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Up to 22,000 asthma patients could be at risk from lack of preventative treatment

GP experts have recommended practices review their prescribing of asthma inhalers after a large-scale study suggested up to 22,000 patients in the UK may be going without preventative treatment.

Building on a smaller study from last year, which suggested over half of deaths from asthma attacks were in people with poorly controlled asthma, Asthma UK has analysed data for 95,000 UK patients finding over 400 were prescribed long-acting beta agonists (LABAs) or long-acting muscarinic antagonists (LAMAs) without also getting an inhaled corticosteroid (ICS) inhaler.

Extrapolated to the total asthma UK population this could mean over 22,000 patients are in the same boat, the charity said.

The study, which looked at patient data from 500 GP practices spanning 2010 to 2013, also found almost 2,000 of the patients had been given more than 12 short-acting bronchodilators in a year without being reviewed to find out why their asthma control is poor. Asthma UK said this could represent around 100,000 of the total population with asthma, if scaled up.

According to last year’s report, prepared by the Royal College of Physicians, this group is the most at risk from dying of an asthma attack, often because of a lack of adequate preventer therapy and poor self-knowledge about triggers.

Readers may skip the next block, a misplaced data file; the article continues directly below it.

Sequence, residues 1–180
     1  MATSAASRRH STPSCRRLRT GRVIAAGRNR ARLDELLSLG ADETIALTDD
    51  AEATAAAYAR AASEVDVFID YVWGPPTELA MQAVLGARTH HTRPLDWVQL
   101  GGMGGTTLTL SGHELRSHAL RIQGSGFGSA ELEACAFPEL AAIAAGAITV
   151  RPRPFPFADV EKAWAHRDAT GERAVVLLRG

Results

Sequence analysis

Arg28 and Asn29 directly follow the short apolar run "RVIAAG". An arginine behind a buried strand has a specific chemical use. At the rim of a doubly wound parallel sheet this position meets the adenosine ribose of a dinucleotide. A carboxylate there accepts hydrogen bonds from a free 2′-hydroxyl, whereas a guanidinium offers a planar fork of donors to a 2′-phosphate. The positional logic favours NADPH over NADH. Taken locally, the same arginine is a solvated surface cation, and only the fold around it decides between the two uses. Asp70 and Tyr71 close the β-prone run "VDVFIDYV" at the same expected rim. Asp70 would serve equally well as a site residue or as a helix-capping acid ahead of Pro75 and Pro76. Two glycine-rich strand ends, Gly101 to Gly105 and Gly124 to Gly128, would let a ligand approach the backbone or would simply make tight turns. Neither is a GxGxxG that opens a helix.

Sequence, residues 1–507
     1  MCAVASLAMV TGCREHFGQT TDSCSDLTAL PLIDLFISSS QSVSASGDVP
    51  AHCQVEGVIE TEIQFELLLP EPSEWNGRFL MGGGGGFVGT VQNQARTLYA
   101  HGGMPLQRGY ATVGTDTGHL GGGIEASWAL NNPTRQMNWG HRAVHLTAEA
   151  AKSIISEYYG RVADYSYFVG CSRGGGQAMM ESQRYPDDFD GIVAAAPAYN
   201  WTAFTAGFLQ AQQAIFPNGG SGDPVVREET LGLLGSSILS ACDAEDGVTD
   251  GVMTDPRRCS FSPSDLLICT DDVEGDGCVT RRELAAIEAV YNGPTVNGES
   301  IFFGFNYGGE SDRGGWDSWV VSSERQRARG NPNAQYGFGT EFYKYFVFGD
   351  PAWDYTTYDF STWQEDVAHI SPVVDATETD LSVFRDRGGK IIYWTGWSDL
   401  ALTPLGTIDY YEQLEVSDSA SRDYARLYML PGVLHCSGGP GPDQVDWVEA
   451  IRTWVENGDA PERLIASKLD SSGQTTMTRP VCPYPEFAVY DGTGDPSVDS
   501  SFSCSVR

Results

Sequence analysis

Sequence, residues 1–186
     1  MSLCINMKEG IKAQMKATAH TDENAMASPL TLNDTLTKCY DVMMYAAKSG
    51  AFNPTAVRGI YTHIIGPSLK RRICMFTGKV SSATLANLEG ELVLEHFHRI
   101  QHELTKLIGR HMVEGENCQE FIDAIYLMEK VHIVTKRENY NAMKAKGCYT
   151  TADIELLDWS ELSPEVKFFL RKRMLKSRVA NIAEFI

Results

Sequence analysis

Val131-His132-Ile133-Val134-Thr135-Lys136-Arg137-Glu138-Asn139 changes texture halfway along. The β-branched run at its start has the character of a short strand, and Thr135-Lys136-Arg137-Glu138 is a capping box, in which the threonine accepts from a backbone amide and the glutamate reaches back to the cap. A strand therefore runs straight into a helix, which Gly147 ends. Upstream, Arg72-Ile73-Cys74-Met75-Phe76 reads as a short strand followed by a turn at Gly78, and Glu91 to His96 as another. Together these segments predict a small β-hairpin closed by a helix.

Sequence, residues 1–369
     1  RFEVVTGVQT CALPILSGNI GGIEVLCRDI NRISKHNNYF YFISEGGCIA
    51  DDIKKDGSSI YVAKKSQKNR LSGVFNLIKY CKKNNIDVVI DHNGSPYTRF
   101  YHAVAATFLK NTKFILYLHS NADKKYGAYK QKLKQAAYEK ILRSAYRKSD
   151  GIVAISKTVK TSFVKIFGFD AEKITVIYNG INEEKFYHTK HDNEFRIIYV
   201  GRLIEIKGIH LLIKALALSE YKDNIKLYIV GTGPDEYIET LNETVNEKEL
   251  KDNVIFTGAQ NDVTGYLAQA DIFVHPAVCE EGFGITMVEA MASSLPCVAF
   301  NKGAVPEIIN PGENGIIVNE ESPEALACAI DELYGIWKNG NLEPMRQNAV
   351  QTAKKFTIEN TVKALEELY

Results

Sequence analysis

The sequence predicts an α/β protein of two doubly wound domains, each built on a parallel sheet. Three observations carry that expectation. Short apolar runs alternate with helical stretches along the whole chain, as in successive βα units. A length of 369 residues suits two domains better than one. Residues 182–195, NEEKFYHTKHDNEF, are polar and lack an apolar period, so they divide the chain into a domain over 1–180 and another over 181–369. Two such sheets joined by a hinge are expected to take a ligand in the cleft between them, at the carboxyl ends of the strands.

The Primary Care Respiratory Society UK (PCRS-UK) said the new figures represented a very small minority of patients – just 0.4% and 2.0% of the total 5.4m patients being treated for asthma, respectively – and that ‘the vast majority of people with asthma are therefore receiving appropriate medication’.

However it urged GPs to make sure their patients were being treated in line with the gold-standard asthma guidelines from the British Thoracic Society and Scottish Intercollegiate Network (BTS/SIGN), as well as licensing regulations.

PCRS-UK chair Dr Stephen Gaduzo, a GP in Stockport, said some patients prescribed a LAMA or LABA alone in the study may have overlapping COPD and asthma, and therefore have been prescribed them for the COPD component. Alternatively, he said that while most patients with asthma are on combination inhalers, ‘a few could be receiving separate components and may have stopped taking ICS’.

He said practices should use clinical software ‘to identify these patients and conduct a structured review with them’.

He said: ‘Patient safety is paramount and PCRS-UK regards any prescribing that is not line with guideline recommendations and licensed indications with grave concern.

‘We continue to urge all practices to review their use of asthma medication to ensure that it is in line with the BTS/SIGN Asthma Guideline and safety guidance from the Medicines and Healthcare products Regulatory Agency (MHRA).’

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